The process of manufacturing printed circuit boards follows the actions listed below for many applications.

The procedure of identifying materials, processes, and requirements to fulfill the consumer's requirements for the board style based upon the Gerber file details supplied with the purchase order.

The process of transferring the Gerber file information for a layer onto an etch withstand film that is placed on the conductive copper layer.

The traditional process of exposing the copper and other areas unprotected by the etch resist movie to a chemical that eliminates the unprotected copper, leaving the secured copper pads and traces in location; newer processes use plasma/laser etching instead of chemicals to get rid of the copper product, enabling finer line meanings.

The procedure of aligning the conductive copper and insulating dielectric layers and pressing them under heat to activate the adhesive in the dielectric layers to form a solid board material.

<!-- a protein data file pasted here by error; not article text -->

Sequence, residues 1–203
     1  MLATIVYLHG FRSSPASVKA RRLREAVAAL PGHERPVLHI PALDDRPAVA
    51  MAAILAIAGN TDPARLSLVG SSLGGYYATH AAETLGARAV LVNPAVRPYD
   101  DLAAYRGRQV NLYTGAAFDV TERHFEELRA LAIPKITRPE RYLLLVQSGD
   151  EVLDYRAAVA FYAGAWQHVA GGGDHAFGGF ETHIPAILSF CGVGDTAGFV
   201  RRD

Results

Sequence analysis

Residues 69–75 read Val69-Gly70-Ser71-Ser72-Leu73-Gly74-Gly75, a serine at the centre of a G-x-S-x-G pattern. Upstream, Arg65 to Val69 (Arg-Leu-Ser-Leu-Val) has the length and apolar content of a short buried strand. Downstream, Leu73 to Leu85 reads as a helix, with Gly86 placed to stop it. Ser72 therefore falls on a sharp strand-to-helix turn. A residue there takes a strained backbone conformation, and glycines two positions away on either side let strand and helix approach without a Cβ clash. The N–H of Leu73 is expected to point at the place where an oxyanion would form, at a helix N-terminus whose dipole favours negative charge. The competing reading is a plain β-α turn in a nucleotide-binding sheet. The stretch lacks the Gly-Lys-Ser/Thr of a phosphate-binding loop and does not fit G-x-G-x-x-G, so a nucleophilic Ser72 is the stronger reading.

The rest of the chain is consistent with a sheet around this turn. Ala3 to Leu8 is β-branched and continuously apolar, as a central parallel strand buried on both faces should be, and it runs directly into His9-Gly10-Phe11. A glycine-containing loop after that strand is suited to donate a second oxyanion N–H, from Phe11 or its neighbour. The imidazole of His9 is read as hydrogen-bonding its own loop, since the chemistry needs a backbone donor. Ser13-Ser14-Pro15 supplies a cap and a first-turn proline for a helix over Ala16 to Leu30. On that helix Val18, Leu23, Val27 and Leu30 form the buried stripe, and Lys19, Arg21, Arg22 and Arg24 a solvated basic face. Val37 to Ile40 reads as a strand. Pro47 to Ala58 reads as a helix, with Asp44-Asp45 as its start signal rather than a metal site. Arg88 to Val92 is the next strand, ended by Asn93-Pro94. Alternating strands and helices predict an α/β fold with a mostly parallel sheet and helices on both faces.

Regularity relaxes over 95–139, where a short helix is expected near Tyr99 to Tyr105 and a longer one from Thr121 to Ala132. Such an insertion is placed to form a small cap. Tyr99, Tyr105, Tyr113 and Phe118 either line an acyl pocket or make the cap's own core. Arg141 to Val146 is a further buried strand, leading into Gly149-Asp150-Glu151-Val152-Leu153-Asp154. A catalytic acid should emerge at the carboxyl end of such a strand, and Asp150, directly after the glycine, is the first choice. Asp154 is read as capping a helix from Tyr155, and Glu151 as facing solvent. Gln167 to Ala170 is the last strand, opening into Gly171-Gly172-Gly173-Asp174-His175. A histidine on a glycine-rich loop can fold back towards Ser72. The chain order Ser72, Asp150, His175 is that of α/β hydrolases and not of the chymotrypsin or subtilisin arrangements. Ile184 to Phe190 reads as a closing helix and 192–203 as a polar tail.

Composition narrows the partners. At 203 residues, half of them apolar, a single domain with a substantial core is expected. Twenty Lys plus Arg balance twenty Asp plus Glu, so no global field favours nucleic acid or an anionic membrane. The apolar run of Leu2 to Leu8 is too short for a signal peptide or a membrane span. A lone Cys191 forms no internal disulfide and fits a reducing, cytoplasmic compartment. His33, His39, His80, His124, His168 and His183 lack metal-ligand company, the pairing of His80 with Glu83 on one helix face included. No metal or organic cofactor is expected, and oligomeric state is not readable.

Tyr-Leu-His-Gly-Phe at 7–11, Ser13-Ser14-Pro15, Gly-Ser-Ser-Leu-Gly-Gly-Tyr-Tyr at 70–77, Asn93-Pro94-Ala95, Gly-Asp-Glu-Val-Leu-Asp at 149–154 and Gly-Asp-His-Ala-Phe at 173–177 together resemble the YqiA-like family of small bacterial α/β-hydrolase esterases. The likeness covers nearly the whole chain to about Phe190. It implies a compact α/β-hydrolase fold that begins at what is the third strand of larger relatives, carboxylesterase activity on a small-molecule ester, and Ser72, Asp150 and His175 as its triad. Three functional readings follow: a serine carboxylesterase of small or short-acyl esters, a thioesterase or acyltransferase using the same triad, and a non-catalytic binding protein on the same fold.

The procedure of drilling all the holes for plated through applications; a second drilling process is used for holes that are not to be plated through. Information on hole place and size is consisted of in the drill drawing file.

The process of using copper plating to the pads, traces, and drilled through holes that are to be plated through; boards are placed in an electrically charged bath of copper.

This is required when holes are to be drilled through a copper location but the hole is not to be plated through. Prevent this process if possible since it includes expense to the ended up board.

The process of applying a protective masking material, a solder mask, over the bare copper traces or over the copper that has had a thin layer of solder used; the solder mask secures versus environmental damage, supplies insulation, protects versus solder shorts, and safeguards traces that run in between pads.